The Mambo Kings—Warner Brothers
The Mambo Kings traces the fictional rise and eventual fall of two salsa siblings in the United States. Antonio Banderas, as the brooding but more talented younger brother, made his American film debut in this 1992 film and delivered his lines phonetically, as he spoke little English. But it's the music that sells this; both Banderas and Armand Assante, playing the suave, business-minded half of the duo, are utterly convincing as Cuban musical ambassadors circa the 1950s New York. On a bigger scale, according to the director in his commentary track, this is an American story about immigrants coming to this country in search of the American dream, having it in their hands, then losing it.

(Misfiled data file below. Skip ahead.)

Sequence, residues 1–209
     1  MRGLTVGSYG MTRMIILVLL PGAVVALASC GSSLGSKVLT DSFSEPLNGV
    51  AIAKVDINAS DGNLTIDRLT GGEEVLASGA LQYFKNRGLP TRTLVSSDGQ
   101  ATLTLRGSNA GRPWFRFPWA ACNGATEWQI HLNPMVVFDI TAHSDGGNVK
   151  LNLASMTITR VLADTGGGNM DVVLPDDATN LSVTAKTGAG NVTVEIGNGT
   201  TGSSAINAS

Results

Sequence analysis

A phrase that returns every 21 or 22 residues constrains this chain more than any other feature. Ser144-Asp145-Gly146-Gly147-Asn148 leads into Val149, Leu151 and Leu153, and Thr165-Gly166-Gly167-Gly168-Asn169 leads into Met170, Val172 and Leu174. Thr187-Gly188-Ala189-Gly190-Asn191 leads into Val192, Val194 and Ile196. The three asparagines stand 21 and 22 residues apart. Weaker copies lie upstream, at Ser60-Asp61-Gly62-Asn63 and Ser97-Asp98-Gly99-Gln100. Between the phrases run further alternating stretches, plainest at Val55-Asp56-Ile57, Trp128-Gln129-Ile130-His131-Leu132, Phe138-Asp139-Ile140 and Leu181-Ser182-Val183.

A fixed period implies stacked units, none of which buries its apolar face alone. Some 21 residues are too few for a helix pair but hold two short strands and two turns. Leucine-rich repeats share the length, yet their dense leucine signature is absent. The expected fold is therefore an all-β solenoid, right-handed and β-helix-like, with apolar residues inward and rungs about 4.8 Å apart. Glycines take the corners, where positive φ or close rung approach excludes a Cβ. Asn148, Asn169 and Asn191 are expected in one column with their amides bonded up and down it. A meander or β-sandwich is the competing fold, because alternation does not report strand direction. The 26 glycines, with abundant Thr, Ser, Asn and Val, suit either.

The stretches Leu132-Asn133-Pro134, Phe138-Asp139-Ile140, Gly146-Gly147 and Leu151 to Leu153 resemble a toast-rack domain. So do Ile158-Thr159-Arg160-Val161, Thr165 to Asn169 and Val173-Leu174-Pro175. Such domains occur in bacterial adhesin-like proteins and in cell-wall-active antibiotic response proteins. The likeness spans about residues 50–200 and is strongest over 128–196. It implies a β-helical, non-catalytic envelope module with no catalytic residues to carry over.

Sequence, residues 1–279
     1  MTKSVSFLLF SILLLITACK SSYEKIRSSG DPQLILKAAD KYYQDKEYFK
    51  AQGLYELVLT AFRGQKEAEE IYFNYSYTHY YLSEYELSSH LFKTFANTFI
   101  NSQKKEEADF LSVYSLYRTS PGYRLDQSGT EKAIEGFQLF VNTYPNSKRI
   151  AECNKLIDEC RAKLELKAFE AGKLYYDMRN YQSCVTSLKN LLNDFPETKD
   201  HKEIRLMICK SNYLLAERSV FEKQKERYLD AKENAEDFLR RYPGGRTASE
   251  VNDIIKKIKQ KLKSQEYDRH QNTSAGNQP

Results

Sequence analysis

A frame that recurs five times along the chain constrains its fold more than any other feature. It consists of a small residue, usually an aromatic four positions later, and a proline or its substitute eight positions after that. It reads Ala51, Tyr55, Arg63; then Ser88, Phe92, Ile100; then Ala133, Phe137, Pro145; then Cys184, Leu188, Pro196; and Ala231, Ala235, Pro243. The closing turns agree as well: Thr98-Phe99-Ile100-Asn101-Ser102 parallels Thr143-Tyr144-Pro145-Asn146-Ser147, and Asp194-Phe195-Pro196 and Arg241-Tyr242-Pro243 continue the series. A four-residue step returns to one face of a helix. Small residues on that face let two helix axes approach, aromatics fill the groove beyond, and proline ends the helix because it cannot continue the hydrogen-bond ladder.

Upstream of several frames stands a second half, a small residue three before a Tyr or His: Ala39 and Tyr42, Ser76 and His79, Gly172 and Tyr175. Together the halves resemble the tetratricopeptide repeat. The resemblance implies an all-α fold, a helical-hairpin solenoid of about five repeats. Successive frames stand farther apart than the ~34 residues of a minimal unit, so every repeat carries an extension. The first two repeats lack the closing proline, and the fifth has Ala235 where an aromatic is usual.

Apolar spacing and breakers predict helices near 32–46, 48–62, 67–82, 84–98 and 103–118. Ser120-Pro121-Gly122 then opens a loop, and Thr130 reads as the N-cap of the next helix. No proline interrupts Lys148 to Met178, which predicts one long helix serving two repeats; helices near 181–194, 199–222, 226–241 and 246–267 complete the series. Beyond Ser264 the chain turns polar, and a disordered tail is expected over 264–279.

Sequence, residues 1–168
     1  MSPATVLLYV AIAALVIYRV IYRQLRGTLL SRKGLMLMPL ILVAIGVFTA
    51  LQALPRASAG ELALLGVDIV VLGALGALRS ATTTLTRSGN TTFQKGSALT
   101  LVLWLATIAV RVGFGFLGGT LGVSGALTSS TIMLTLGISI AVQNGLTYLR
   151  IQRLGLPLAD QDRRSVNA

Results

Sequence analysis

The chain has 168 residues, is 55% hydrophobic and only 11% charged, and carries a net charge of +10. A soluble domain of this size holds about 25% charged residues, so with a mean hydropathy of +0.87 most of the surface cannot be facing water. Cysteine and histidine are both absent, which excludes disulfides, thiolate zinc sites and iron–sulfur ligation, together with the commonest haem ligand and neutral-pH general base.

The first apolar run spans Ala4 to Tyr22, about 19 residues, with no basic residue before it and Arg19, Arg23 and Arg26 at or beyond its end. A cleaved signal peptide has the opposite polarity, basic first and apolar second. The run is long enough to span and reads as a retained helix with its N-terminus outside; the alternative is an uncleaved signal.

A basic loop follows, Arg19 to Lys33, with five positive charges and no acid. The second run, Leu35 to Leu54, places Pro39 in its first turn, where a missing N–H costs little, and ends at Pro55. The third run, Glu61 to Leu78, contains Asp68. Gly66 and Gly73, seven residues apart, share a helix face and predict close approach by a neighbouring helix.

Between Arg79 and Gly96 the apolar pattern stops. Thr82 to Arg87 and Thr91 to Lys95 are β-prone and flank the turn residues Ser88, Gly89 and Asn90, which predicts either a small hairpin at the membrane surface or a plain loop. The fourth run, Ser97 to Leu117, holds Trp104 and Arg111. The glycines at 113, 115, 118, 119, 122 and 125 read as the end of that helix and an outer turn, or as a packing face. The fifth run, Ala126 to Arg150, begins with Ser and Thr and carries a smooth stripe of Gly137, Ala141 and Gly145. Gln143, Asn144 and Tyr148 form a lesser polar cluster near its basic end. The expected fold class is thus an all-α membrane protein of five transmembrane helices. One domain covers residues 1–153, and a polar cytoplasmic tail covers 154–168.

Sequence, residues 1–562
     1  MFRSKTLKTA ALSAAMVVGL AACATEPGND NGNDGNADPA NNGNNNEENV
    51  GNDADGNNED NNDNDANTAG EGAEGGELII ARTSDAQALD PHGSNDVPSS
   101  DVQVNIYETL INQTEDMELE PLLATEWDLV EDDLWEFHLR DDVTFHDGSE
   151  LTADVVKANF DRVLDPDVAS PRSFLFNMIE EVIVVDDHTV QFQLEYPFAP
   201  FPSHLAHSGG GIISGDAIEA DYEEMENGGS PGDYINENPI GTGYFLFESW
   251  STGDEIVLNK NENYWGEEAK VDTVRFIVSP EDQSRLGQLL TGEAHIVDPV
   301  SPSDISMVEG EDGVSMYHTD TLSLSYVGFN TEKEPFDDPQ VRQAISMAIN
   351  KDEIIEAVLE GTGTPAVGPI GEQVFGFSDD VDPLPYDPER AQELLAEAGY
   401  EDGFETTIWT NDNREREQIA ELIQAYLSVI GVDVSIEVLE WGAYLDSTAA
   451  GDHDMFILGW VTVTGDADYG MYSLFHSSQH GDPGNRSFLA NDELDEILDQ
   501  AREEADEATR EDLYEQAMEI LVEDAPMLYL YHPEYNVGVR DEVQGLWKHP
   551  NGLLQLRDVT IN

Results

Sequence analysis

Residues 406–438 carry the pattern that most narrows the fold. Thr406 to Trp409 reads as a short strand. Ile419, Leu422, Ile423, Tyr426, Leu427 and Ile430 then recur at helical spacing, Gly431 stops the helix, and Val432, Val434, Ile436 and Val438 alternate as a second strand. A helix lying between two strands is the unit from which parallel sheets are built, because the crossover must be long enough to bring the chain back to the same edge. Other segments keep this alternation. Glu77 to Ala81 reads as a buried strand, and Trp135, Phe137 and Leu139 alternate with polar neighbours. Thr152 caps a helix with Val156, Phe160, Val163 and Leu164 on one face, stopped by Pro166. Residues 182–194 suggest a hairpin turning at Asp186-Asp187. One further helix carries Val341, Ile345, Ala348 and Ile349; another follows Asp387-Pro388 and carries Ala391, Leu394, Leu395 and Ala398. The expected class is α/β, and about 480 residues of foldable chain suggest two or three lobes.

The commentary track, which should enhance your enjoyment of the film, is one of just two extras to be found here; the other is a clich-filled five-minute promotional piece that's hardly worth the disc space.
The 1.85:1 anamorphic picture is not razor-sharp but is drenched with color, with everything from the pastels of the Palladium Mambo club to nice renderings of Assante's garish ties. And the Digital Dolby 5.1 soundtrack delivers the goods during the musical numbers, of which there are many.
Based on a Pulitzer Prize-winning novel and sharing many traits with the best musical biographies, The Mambo Kings is an enjoyable, breezy couple of hours punctuated by some terrific tunes.